Former Cubs outfielder Matt Murton threatening to break Ichiro Suzuki's hit record in Japan

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Matt Murton was a 2003 first-round pick who hit .286/.352/.436 in 1,058 plate appearances spread over 354 games for the Cubs, Rockies, and A’s, but for whatever reason never really got a shot to be an everyday player despite doing very well as a 24-year-old regular in 2004.
After spending most of last season at Triple-A he headed to Japan, signing with the Hanshin Tigers, and yesterday Murton became just the fourth player in Japanese history to reach 200 hits in a season. Not only that, but with 201 hits and 10 games remaining he has a chance to break the all-time record of 210 hits held by Ichiro Suzuki.
Murton is hitting .352 with 17 homers for Hanshin and has averaged 1.5 hits per game, which puts him on a 216-hit pace. However, as Daisuke Wakabayashi of the Wall Street Journal points out “there are past examples of Japanese pitchers refusing to challenge foreign players who are close to breaking Japanese baseball records.”
It’ll be interesting to see if Murton gets enough strikes to make a run at Suzuki’s record and if the big season in Japan will cause an MLB to give him another look.

Madison Bumgarner likely sidelined through the All-Star break

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It’s been just over a week since Giants’ left-hander Madison Bumgarner got a serious scare after a nasty dirt bike accident. He escaped with bruised ribs and a Grade 2 strain of his left shoulder AC joint, but there was some speculation that the injuries would cause a significant, if not permanent, setback in the southpaw’s career. Thankfully, things aren’t looking quite so bleak today. Not only will Bumgarner not require surgery, but he could return as soon as the week following the All-Star break, the Giants said Friday.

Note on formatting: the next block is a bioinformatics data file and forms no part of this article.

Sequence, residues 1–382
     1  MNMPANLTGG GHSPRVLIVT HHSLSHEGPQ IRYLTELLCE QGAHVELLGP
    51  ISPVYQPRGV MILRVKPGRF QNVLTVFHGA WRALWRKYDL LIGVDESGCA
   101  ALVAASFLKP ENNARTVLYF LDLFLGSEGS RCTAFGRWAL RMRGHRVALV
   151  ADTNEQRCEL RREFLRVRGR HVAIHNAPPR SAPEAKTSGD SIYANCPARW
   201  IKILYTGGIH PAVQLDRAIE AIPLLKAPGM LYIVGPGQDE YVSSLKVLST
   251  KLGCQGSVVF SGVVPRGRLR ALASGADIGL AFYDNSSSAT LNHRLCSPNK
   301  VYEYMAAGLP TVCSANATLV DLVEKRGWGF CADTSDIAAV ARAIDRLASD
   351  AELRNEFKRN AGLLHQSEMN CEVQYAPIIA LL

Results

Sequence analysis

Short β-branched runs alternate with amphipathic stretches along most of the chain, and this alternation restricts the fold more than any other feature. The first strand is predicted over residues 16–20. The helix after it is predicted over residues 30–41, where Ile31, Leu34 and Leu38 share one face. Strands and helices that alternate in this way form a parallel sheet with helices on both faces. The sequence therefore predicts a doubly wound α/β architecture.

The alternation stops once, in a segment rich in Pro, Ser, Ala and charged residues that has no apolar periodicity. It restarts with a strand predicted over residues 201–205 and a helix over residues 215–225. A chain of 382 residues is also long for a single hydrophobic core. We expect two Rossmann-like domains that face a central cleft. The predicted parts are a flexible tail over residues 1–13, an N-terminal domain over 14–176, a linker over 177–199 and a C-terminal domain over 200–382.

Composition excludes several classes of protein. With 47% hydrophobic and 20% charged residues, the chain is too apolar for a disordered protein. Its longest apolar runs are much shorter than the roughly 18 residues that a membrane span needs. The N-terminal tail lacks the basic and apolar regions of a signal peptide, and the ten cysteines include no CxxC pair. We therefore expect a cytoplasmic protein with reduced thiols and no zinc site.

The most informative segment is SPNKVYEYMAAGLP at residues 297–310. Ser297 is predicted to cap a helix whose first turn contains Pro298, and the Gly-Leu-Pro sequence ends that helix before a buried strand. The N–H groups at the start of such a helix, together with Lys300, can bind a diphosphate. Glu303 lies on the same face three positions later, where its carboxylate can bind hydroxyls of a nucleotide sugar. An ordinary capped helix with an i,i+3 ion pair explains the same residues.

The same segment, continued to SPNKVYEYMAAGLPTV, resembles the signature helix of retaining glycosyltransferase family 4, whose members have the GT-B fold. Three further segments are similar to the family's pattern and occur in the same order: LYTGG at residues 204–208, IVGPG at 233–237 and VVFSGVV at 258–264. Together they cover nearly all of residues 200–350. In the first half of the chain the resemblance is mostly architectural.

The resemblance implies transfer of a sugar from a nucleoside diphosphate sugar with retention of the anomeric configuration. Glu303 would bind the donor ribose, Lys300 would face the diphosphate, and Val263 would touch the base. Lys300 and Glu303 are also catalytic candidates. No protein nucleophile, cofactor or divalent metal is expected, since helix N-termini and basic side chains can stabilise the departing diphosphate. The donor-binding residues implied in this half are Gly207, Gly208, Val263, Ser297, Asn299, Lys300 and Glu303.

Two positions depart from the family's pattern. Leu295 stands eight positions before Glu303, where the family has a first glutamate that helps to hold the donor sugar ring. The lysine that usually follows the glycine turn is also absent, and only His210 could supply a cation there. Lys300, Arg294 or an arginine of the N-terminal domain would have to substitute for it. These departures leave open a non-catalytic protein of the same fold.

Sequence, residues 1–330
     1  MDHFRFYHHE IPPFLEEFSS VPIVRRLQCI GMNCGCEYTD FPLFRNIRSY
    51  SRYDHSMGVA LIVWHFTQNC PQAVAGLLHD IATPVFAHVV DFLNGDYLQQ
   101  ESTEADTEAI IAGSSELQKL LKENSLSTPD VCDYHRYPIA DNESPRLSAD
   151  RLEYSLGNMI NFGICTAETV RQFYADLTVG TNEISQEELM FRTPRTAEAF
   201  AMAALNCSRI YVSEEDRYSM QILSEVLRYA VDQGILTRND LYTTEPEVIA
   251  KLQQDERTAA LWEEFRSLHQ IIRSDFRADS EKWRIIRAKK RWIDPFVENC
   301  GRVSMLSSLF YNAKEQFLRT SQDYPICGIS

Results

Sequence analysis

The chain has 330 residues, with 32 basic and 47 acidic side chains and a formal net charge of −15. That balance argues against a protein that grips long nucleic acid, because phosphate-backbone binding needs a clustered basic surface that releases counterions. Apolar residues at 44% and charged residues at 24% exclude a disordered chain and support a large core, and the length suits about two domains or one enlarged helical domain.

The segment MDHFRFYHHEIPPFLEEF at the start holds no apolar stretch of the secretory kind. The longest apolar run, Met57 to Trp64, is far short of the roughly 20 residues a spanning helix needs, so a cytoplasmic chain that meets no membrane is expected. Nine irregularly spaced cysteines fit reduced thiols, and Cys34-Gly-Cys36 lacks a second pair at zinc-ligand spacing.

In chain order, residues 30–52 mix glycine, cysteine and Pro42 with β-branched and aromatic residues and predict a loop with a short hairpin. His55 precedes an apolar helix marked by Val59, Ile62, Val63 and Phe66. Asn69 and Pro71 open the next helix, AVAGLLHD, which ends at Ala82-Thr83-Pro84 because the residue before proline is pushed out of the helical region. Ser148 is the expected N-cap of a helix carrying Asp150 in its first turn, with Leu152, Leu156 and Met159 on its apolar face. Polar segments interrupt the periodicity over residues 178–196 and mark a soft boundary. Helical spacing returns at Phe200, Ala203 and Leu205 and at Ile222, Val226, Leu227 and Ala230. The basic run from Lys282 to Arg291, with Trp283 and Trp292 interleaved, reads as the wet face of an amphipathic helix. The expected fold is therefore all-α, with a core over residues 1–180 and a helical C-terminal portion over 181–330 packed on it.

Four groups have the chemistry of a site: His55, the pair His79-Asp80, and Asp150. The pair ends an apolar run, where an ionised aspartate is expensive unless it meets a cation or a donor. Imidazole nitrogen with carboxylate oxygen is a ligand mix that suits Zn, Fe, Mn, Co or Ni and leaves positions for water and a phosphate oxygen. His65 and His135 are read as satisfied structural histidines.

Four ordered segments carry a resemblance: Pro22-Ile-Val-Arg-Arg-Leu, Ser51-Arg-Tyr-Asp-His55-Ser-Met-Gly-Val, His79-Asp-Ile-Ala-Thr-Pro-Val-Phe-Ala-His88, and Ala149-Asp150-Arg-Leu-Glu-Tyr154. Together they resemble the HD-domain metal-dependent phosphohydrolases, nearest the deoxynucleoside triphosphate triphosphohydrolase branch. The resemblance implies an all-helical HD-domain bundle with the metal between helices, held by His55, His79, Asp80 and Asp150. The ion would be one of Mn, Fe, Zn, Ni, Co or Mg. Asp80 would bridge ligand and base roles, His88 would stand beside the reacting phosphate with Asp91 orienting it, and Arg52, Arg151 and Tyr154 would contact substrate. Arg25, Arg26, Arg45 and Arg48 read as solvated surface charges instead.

Of course, that timeline is wholly dependent on how smoothly the recovery process goes, so nothing is set in stone yet. NBC Sports Bay Area’s Alex Pavlovic estimates 2-3 months of rest and rehab, including “two months before he can get back on the mound and then another three to four weeks of throwing and rehab starts before he’s big league-ready.” It’s a long and laborious schedule, but still looks much better than any surgical alternative.

Prior to the accident, Bumgarner was working on a solid start to the 2017 season. He maintained a 3.00 ERA, 1.3 BB/9 and 9.3 SO/9 through 27 innings with the club, though his average 1.75 runs of support per start fed into an 0-3 record.

Video: Manny Machado hits a 470-foot home run

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You’ve seen Carlos Gomez’s 461-foot home run. You’ve seen Joey Gallo’s 462-foot blast. You’ve seen Corey Seager’s 462-footer, too. During Friday’s series opener against the Yankees, Manny Machado delivered the tie-breaker we were all hoping for, launching a 470-foot moonshot over the center field wall to pad the Orioles’ 5-0 lead in the fifth:

It was Machado’s fourth homer of the season, and quite a doozy, according to Statcast. MLB.com’s Brittany Ghiroli says that it’s currently the longest home run recorded at Yankee Stadium, dating back through Statcast’s inception in 2015.

Through eight innings, the Yankees and Orioles combined for five home runs and two grand slams, though none reached quite as far as Machado’s record-setting blast. Aaron Judge went deep twice, hitting the 417-foot mark in the fifth inning and the 435-mark in the sixth, while Mark Trumbo executed a 459-foot grand slam in the sixth inning, followed by a 420-foot slam from Jacoby Ellsbury in the seventh. The Orioles currently lead the Yankees 11-8 in the ninth inning.